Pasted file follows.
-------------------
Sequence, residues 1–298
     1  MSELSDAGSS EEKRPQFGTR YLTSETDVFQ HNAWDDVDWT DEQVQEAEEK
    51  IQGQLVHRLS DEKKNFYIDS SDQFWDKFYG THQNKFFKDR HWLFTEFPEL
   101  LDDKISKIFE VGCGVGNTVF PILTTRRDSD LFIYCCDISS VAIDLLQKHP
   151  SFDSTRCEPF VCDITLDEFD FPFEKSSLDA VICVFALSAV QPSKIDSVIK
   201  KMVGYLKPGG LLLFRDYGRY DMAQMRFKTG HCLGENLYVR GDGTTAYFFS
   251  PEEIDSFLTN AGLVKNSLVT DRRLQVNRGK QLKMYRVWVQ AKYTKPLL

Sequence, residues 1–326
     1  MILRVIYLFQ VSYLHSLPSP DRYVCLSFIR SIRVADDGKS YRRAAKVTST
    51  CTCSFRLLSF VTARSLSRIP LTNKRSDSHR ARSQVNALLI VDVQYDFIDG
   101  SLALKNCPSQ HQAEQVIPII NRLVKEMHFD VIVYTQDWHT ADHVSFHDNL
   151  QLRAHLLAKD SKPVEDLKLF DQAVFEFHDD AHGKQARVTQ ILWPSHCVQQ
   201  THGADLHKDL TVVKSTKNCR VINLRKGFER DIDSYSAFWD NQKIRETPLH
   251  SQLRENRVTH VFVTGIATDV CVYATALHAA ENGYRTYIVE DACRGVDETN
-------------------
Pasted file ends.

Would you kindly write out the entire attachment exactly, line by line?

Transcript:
Sequence, residues 1–298
     1  MSELSDAGSS EEKRPQFGTR YLTSETDVFQ HNAWDDVDWT DEQVQEAEEK
    51  IQGQLVHRLS DEKKNFYIDS SDQFWDKFYG THQNKFFKDR HWLFTEFPEL
   101  LDDKISKIFE VGCGVGNTVF PILTTRRDSD LFIYCCDISS VAIDLLQKHP
   151  SFDSTRCEPF VCDITLDEFD FPFEKSSLDA VICVFALSAV QPSKIDSVIK
   201  KMVGYLKPGG LLLFRDYGRY DMAQMRFKTG HCLGENLYVR GDGTTAYFFS
   251  PEEIDSFLTN AGLVKNSLVT DRRLQVNRGK QLKMYRVWVQ AKYTKPLL

Sequence, residues 1–326
     1  MILRVIYLFQ VSYLHSLPSP DRYVCLSFIR SIRVADDGKS YRRAAKVTST
    51  CTCSFRLLSF VTARSLSRIP LTNKRSDSHR ARSQVNALLI VDVQYDFIDG
   101  SLALKNCPSQ HQAEQVIPII NRLVKEMHFD VIVYTQDWHT ADHVSFHDNL
   151  QLRAHLLAKD SKPVEDLKLF DQAVFEFHDD AHGKQARVTQ ILWPSHCVQQ
   201  THGADLHKDL TVVKSTKNCR VINLRKGFER DIDSYSAFWD NQKIRETPLH
   251  SQLRENRVTH VFVTGIATDV CVYATALHAA ENGYRTYIVE DACRGVDETN